Driehoek: How, with whatever they could grab, hero dads saved ...


Driehoek: How, with whatever they could grab, hero dads saved trapped kids

Local journalist tells the heroic story of a community who pulled together as an unspeakable tragedy unfolded

Staff reporter

The heroes of Hoërskool Driehoek.
That is the story Jannie du Plessis, journalist for the Vaalweekblad newspaper in Vanderbijlpark, wants to tell after last Friday’s tragedy.
He was the first reporter on the scene of a devastating walkway collapse that killed four children and injured 20.
Du Plessis took video footage of parents, residents and paramedics frantically trying to rescue children still trapped under the rubble.
“I wanted to convey to the public the message of a community coming together. It was just amazing how quickly people started working together. The walkway collapsed just after assembly in the school hall and by 8.40am all those trapped were out,” he told Times Select.
“First the matric schoolboys tried to lift the slab of concrete themselves, but by then parents, community members and emergency teams had started arriving at the school. Someone shouted: ‘We need car jacks!’ Others went and broke off a netball pole from the playing field, a truck arrived with scaffolding props. People were walking around with Checkers trolleys full of water bottles. Someone even brought a crane, but they couldn’t get close to the scene.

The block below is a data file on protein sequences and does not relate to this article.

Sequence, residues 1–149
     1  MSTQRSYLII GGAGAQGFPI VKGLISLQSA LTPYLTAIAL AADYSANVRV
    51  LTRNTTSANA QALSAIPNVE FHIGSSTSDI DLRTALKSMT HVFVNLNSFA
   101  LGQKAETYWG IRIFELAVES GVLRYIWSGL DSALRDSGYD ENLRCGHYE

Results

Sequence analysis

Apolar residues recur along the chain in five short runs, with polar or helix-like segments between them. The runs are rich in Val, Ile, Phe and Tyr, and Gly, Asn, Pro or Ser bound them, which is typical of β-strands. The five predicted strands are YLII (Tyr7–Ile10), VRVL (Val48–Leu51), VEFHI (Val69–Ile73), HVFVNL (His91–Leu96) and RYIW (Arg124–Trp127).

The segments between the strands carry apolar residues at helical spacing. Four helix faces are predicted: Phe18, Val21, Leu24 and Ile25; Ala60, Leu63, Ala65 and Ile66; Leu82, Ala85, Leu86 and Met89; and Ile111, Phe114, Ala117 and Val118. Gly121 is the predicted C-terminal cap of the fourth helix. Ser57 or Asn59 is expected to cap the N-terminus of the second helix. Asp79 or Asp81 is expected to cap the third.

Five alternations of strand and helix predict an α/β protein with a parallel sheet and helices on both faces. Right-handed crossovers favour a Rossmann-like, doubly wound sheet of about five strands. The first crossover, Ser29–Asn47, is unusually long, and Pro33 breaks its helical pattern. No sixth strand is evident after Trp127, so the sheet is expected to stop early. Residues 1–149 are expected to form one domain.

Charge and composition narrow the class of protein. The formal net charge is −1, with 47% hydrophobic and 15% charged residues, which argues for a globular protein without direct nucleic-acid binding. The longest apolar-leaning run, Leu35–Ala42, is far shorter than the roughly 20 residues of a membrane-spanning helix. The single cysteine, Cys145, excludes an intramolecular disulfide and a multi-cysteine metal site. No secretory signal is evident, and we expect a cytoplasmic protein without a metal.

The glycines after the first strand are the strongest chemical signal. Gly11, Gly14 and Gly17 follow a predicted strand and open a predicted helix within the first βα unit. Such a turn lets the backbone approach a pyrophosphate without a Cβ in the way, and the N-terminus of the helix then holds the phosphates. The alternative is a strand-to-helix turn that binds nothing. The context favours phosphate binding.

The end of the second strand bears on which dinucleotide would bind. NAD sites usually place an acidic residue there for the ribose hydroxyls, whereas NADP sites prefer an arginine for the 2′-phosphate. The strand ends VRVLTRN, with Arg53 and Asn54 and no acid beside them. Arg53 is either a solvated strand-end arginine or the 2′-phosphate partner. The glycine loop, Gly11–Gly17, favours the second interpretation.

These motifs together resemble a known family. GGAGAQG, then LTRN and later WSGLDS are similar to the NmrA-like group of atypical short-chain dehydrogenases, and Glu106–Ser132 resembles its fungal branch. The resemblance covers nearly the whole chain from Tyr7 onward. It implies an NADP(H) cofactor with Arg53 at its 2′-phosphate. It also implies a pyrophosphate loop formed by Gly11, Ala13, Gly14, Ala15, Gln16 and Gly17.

“People now look at the video and say, why didn’t they work faster? But they must understand, everyone was in shock and everyone was doing their best with what they had.
“Think about it, the school has 1,060 pupils. Managing the situation was not easy.
“One of the schoolgirls was walking ahead of a group of children when the walkway collapsed. She kept a cool head and immediately made sure, with the help of Grade 12 leaders, that the group behind her turned around before anyone could get hurt. There are many such stories.”
For Du Plessis, who matriculated in a neighbouring school, many of the faces of the parents were familiar.
“As you move between the people, you see faces you know. You hear parents screaming their children’s names and you wonder if their children are okay.
“As a crime reporter, I am accustomed to crime and accident scenes. But this scene really shocked me, but it also showed me the good in people.”

This article is free to read if you register or sign in.

Sunday Times Daily

If you have already registered or subscribed, please sign in to continue.

Questions or problems?
Email helpdesk@timeslive.co.za or call 0860 52 52 00.